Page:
Liberty has to be absolute, in order to be able to take risks, and to take off. Nothing can be sacred. At least, that’s how I see art. I’ve never been interested in being part of the political game, of religion, of the consumer society, or of drugs. It seems like a nothing, but a film-maker, interested in social or political issues, who cannot have one of his characters say “when are Fidel and Raul going to die?”, which is a such a common thing to say in Cuban homes, along with much more agressive variants on the theme, is symptomatic of a dysfunctional whole.

The artist documents his time, but, looking at Cuban films made in the island over the last seventy years, you’d think that no Cuban had ever asked that sort of question. Recently I was told, by way of advice: “You can fiddle with the chain, but not with the monkey, otherwise you are out of the game”. To which I replied: “Who said I see it as a game?”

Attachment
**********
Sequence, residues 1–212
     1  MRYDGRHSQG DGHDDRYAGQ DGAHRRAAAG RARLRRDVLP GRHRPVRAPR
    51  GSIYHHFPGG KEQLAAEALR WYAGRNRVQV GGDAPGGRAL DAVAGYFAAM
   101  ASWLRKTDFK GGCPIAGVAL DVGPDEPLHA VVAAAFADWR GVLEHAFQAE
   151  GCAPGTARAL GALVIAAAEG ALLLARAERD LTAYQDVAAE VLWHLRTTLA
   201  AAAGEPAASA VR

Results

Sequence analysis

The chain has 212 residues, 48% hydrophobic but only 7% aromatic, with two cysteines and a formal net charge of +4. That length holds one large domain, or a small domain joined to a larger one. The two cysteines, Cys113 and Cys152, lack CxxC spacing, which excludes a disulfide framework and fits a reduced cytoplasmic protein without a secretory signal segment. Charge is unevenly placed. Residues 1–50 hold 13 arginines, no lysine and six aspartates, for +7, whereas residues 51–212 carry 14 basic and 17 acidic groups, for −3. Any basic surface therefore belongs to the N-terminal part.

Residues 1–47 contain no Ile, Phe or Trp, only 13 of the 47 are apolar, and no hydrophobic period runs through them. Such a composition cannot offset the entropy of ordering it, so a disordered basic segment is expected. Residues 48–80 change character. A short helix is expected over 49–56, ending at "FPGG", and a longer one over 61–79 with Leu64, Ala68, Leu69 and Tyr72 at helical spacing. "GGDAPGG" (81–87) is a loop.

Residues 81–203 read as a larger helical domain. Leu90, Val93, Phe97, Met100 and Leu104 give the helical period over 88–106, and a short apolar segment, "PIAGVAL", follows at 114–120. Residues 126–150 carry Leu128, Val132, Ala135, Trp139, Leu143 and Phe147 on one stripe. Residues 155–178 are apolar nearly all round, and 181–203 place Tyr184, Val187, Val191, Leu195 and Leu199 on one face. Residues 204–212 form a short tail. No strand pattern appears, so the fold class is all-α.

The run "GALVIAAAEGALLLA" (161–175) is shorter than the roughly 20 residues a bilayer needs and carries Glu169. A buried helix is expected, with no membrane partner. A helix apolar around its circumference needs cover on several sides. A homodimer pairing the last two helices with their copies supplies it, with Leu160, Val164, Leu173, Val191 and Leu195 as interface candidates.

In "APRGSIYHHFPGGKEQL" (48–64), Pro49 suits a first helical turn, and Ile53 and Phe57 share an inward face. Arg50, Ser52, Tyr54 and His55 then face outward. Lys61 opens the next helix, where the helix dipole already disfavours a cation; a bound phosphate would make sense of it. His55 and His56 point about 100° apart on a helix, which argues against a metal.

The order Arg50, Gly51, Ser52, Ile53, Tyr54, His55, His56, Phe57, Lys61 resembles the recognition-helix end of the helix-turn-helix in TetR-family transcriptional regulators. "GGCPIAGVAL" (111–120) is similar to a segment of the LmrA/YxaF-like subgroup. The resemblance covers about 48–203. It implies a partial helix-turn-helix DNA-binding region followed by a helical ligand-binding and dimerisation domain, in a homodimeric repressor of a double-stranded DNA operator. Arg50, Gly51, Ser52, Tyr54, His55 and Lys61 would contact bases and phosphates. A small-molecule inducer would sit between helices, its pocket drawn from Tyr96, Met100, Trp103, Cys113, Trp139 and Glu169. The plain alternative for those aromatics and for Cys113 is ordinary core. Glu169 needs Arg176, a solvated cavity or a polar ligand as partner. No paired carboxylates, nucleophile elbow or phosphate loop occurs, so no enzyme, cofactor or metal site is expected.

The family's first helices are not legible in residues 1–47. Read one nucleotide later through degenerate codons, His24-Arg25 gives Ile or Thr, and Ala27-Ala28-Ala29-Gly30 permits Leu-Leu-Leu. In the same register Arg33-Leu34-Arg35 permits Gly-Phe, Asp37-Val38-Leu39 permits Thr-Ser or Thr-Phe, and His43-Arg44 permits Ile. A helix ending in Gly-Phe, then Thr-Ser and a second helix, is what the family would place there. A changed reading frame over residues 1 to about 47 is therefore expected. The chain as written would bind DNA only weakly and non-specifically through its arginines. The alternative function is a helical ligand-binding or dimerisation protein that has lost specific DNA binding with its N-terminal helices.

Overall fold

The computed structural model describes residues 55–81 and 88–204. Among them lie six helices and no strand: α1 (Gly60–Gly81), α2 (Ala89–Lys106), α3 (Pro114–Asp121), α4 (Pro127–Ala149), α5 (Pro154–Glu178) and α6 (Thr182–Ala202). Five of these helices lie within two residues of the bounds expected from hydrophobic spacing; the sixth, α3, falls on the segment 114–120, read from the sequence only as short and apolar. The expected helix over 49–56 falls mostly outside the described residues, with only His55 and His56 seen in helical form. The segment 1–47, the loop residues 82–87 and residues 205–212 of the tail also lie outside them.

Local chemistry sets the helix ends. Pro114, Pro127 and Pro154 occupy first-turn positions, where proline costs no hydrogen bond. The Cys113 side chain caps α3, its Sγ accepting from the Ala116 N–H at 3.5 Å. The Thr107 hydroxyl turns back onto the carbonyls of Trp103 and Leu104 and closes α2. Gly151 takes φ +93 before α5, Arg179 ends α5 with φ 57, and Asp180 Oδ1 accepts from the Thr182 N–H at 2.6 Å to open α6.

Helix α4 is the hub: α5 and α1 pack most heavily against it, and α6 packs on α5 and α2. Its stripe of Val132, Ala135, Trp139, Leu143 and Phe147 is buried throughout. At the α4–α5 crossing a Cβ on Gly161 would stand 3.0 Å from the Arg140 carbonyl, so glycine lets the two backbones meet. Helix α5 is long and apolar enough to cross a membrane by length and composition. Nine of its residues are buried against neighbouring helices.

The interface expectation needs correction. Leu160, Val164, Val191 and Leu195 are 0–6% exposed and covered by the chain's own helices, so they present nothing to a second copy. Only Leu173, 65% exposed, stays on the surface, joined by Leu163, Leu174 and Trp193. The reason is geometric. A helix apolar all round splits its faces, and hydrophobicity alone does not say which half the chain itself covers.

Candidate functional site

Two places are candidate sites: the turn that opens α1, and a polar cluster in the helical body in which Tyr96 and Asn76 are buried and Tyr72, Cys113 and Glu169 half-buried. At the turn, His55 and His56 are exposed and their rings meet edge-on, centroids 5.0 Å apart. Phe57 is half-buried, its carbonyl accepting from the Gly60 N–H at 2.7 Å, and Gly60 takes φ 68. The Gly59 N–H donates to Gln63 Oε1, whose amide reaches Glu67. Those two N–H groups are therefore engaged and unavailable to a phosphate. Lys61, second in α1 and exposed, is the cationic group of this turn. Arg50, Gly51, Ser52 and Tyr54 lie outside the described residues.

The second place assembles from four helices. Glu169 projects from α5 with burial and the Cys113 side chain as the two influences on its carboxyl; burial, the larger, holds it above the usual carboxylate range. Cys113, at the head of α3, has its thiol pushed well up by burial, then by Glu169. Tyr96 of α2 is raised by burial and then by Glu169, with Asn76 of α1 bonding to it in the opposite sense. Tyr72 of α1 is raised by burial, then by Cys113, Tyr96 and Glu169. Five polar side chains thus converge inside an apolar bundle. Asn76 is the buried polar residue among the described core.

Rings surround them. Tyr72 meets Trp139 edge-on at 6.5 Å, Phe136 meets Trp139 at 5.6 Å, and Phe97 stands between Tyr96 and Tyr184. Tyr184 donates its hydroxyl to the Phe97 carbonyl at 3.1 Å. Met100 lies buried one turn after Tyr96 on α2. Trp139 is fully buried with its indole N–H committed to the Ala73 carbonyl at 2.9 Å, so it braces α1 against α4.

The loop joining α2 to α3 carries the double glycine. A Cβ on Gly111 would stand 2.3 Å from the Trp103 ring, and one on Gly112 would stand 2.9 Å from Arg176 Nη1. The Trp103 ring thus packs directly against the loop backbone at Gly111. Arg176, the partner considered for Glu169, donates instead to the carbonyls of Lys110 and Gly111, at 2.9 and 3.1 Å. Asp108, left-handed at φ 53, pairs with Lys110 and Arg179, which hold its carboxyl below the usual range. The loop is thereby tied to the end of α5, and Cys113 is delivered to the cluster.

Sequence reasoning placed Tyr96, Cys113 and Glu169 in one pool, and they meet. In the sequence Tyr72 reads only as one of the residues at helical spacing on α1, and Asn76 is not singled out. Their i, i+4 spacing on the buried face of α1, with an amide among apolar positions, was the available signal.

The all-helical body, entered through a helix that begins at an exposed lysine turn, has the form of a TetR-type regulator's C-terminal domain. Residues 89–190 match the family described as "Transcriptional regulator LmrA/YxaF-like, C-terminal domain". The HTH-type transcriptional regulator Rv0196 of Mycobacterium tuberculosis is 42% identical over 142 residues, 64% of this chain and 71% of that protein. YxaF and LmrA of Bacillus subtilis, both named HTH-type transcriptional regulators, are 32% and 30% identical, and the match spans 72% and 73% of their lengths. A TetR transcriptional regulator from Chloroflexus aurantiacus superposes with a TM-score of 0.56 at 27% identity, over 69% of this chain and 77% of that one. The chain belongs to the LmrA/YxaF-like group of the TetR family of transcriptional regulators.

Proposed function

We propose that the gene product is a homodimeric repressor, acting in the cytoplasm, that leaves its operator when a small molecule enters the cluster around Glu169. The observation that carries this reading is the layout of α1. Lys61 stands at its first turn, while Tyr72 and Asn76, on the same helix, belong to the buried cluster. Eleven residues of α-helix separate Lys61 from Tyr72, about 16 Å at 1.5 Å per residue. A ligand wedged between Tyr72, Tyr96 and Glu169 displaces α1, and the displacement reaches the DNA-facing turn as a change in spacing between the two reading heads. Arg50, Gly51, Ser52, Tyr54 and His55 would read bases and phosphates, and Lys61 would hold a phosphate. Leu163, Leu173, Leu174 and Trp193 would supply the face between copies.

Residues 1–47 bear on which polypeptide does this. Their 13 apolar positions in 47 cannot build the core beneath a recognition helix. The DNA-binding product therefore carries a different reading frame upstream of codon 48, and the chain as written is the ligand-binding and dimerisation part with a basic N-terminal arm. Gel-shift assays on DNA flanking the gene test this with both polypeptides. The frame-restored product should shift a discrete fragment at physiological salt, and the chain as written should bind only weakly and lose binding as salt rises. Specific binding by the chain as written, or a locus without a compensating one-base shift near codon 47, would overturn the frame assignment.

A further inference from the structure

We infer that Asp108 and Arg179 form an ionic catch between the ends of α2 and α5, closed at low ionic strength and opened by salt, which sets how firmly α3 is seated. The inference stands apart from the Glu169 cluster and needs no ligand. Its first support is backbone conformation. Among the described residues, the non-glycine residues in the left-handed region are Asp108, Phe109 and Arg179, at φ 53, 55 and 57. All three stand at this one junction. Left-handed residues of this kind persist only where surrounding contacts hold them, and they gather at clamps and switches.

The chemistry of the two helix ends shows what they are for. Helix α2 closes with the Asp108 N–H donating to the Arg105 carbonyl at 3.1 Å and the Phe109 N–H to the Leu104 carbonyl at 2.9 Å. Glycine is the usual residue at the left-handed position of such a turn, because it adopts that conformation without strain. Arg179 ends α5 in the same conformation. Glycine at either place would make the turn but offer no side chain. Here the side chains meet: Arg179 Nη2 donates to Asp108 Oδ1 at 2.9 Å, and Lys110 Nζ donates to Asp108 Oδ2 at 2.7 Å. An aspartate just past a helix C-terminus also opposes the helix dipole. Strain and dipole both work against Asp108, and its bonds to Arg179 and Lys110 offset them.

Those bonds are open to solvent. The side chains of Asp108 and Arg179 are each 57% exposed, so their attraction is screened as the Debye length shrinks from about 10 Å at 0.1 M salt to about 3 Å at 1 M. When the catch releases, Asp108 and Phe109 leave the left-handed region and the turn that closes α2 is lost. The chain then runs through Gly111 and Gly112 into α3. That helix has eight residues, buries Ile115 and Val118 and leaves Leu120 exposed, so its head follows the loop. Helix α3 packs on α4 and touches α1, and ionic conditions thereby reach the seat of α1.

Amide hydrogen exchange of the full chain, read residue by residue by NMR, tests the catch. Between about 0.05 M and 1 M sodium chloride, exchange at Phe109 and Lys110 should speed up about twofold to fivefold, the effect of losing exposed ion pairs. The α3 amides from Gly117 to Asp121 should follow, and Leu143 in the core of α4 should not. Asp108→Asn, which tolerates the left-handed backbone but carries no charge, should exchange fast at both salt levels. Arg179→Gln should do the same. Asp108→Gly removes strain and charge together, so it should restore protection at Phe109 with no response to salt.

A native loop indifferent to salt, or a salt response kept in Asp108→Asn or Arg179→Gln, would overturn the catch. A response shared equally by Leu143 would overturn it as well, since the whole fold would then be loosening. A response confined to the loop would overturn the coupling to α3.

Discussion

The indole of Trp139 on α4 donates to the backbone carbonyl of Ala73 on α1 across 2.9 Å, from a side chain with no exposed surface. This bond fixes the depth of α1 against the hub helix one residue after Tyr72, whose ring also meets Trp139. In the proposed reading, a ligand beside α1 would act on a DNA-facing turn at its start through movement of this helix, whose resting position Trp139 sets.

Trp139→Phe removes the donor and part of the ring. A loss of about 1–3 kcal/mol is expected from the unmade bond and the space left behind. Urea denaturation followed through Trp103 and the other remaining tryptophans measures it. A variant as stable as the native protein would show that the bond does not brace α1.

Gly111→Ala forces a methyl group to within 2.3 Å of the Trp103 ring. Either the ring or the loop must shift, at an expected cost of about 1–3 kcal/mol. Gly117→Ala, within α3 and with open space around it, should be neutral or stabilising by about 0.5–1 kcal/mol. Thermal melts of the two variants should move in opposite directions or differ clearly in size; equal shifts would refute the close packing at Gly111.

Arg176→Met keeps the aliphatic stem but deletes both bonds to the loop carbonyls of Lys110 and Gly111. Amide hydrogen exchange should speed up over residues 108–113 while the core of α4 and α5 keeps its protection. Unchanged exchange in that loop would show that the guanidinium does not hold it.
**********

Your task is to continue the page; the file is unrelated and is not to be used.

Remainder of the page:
It is essential that film producers are ready to completely defend their work,  because a half-assed attitude only gets you a slow-motion impact, which is inevitably reflected in subsequent works. You can’t give an inch.

But, returning to your question, the most recent case of censorship had to do with Nadie (Nobody), April 15th just gone, when the State Security and the PNR (National Revolutionary Police) blockaded the entrance to the El Circulo Gallery where they were going to show it. This censorship is not an institutional arrangement but a blatant governmental act, a complete invasion of a private space by way of a show of police force.